Postal voting

Postal voting

Postal voting describes the method of voting in an election whereby ballot papers are distributed and/or returned by post to electors, in contrast to electors voting in person at a polling station or electronically via an electronic voting system.

It is of benefit to people who may not be able to attend an election in person, either through a physical disability or absence from the locality. This method of voting is available to voters upon application (sometimes with restrictions) in statutory elections in many democratic countries.

On the other hand, concerns about postal voting have been raised as to whether it complies with the requirements of a secret ballot, in that people cast their vote outside the security of a polling station. There have been cases of electoral fraud with postal votes in the UK (including at the 2004 European and local government elections in Birmingham) [ [ Judge upholds vote-rigging claims (BBC, 4. april 2005)] ] [ [,15803,1458341,00.html New fears over postal vote fraud (Guardian, 13. April 2005)] ] [ [,,19809-1564522,00.html Labour to halt postal vote fraud but only after election (Times, April 11, 2005)] ]

Postal voting can be a way to prevent manipulation of an election through get out the vote efforts, for instance, in state conventions of a society, in which supporters of a cause or candidate bus in their supporters to vote and then bus them back.

All-Postal Voting

"All-Postal Voting" is a variant of Postal Voting, where all electors receive their ballot papers through the post. Depending on the system applied, electors may have to return their ballot papers by post, or there may be an opportunity to deliver them by hand to a specified location.

There is some evidence that this method of voting leads to higher turnout than one where people vote in person or have to apply for a postal vote. Critics suggest that this is only a temporary impact, and that there are dangers in people using ballot papers intended for other electors.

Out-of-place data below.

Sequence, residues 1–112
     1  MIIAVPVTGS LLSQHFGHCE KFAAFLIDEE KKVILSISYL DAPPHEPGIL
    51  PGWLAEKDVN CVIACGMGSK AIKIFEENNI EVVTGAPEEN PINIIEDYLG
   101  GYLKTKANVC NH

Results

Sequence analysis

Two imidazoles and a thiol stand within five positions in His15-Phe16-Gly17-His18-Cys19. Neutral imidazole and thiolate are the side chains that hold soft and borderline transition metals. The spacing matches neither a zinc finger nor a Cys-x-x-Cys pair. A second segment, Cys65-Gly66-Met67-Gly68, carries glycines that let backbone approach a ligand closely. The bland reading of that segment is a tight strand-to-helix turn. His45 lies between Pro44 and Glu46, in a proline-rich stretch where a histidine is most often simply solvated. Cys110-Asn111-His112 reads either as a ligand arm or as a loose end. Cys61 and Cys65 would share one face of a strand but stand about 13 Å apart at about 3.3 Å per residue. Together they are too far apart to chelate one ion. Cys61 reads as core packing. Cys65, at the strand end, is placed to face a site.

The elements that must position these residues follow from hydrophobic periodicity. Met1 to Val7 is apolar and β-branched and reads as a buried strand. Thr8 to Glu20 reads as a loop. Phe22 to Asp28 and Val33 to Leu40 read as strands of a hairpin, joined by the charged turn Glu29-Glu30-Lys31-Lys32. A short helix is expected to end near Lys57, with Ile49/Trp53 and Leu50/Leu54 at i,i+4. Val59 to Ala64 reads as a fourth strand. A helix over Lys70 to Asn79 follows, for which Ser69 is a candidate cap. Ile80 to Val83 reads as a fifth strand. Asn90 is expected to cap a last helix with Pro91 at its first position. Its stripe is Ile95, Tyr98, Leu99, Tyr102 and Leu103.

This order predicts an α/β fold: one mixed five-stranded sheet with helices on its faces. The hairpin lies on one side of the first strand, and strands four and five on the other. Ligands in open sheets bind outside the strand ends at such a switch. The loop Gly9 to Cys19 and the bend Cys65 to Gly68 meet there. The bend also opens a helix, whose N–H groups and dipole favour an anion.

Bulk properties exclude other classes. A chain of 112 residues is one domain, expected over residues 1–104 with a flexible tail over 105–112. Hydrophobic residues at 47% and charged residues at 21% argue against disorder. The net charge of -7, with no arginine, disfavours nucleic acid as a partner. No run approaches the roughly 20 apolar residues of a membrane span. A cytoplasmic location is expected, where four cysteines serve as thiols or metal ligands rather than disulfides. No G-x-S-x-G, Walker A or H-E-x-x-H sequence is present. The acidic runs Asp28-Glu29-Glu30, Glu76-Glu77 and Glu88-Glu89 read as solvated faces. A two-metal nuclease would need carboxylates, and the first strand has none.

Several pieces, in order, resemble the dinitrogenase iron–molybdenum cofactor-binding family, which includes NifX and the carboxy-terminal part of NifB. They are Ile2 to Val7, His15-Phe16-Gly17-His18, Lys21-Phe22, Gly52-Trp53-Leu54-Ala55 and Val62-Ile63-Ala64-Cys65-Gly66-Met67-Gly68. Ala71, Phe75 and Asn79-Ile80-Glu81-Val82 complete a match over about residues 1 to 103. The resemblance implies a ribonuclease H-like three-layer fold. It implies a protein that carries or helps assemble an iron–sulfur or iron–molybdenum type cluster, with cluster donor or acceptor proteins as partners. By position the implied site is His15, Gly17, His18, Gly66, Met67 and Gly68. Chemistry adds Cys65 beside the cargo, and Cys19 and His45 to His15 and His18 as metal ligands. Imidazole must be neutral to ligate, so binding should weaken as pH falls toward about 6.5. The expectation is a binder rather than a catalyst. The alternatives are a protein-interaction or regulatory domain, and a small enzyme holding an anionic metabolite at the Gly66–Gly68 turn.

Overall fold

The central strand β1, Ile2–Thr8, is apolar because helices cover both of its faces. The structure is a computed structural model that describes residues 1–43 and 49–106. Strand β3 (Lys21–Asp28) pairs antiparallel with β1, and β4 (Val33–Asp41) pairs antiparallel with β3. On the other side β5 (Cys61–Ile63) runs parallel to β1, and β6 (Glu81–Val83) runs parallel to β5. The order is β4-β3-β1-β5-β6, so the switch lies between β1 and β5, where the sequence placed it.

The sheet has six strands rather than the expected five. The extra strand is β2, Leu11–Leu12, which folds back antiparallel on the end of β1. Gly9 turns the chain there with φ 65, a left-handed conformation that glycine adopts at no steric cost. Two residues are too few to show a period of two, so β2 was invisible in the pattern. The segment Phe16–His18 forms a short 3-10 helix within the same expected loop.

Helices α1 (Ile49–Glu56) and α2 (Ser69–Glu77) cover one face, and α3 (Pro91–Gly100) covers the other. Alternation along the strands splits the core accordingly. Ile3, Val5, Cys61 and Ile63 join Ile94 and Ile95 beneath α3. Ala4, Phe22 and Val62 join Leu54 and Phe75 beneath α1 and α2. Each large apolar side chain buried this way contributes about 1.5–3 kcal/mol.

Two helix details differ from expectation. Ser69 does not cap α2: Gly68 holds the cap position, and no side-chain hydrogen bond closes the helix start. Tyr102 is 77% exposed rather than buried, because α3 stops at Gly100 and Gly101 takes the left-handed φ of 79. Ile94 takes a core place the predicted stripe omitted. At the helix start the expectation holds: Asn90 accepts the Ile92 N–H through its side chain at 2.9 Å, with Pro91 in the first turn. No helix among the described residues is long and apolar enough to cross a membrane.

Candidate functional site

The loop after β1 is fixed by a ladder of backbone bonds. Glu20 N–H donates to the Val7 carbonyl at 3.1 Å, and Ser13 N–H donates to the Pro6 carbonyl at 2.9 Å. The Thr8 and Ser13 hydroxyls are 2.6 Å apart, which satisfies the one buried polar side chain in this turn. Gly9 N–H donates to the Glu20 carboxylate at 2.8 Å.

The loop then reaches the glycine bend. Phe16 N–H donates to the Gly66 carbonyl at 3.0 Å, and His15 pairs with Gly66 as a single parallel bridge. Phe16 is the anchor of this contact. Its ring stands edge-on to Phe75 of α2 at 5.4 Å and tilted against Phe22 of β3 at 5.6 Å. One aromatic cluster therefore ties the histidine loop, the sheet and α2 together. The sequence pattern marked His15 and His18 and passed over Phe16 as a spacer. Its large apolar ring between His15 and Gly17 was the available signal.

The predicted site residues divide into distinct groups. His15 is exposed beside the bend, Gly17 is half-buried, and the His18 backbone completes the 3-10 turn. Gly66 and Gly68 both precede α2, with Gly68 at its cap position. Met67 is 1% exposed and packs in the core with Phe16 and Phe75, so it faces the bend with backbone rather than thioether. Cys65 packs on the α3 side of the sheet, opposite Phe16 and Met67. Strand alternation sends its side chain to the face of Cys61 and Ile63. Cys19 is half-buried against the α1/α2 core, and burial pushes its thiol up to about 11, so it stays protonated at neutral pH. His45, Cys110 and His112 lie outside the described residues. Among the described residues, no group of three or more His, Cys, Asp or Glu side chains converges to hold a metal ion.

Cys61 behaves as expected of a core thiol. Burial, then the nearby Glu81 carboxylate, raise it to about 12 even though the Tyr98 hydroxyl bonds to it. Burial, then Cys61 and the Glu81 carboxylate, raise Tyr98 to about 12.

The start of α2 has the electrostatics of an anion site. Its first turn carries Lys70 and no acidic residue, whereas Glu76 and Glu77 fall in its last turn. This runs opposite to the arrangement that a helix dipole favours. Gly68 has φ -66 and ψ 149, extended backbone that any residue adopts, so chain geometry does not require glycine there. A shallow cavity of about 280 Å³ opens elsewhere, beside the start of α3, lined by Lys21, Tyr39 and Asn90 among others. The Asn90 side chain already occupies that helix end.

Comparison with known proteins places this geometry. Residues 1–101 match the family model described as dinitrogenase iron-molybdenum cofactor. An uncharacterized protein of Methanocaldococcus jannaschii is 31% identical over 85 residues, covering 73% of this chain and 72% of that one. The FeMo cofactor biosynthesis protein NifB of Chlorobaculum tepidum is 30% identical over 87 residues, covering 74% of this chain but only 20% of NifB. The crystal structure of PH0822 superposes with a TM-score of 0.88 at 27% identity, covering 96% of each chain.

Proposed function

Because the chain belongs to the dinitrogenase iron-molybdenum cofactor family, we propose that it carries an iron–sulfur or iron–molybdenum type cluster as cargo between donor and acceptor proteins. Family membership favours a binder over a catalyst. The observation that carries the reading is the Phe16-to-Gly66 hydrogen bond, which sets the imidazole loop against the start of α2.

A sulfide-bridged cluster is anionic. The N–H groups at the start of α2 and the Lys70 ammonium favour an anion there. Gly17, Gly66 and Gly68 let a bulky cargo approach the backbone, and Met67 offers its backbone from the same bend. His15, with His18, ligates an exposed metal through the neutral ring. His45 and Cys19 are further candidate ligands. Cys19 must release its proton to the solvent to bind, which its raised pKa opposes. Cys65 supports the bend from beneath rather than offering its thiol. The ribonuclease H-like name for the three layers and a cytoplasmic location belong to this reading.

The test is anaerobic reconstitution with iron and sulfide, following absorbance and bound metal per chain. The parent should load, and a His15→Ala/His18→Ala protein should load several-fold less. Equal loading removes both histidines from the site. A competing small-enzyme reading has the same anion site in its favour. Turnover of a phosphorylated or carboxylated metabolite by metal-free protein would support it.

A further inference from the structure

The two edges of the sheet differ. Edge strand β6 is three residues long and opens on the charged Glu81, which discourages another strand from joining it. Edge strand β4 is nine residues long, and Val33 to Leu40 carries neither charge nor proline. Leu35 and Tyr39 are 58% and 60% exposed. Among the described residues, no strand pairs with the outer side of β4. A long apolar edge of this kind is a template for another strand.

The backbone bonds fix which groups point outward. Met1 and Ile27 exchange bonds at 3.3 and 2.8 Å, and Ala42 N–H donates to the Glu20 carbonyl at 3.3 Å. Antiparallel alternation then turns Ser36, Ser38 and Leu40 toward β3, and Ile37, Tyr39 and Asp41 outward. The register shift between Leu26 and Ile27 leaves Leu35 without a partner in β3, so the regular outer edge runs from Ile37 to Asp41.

This system is used for local elections in New Zealand. Unlike the United States, no security envelope is used. The ballot is simply sent in the mailing envelope. It has been tested by a large number of local authorities in the United Kingdom for their elections, and in 2004 it was used for elections to the European Parliament and local authorities in four of the English regions (see below for more details).

Experience of Postal Voting and All-Postal Voting by Country

United States

Vote-by-mail is a variation of postal voting in the United States in which a ballot is mailed to the home of a registered voter, the voter fills it out and returns it via postal mail. This process eliminates the requirements to staff and run a polling center during an election, and can result in considerable cost savings to taxpayers. Balloting materials may be sent via the United States Postal Service without prepayment of postage. [ [ USPS DMM 703.8] ]

Ballots are sent out, usually, three weeks before the election date, after a voter's pamphlet has been distributed. To vote by mail, an individual marks the ballot for their choice of the candidates (or writes in their name), places the ballot in a secrecy envelope, seals it, places it in the provided mailing envelope, seals it and signs and dates the back of the mailing envelope. This envelope is then either stamped and mailed at any mailbox, or dropped off (postage free) at a local ballot collection center.

There is a cut off date for mailing ballots and it is determined by the local voting jurisdiction. In some jurisdictions, postmarks do not count, and ballots must be received by a certain time on election day. In other jurisdictions, a ballot must have a postmark on or before the day of the election and be received prior to the date of certification. Many vote-by-mail jurisdictions enlist the help of volunteers to take ballots in walk up "Drop off Booths" or drive-up "Quick Drop" locations. The Help America Vote Act requires some polling options, often at central election headquarters, with machines designed for voting by those disabled who cannot vote a normal ballot.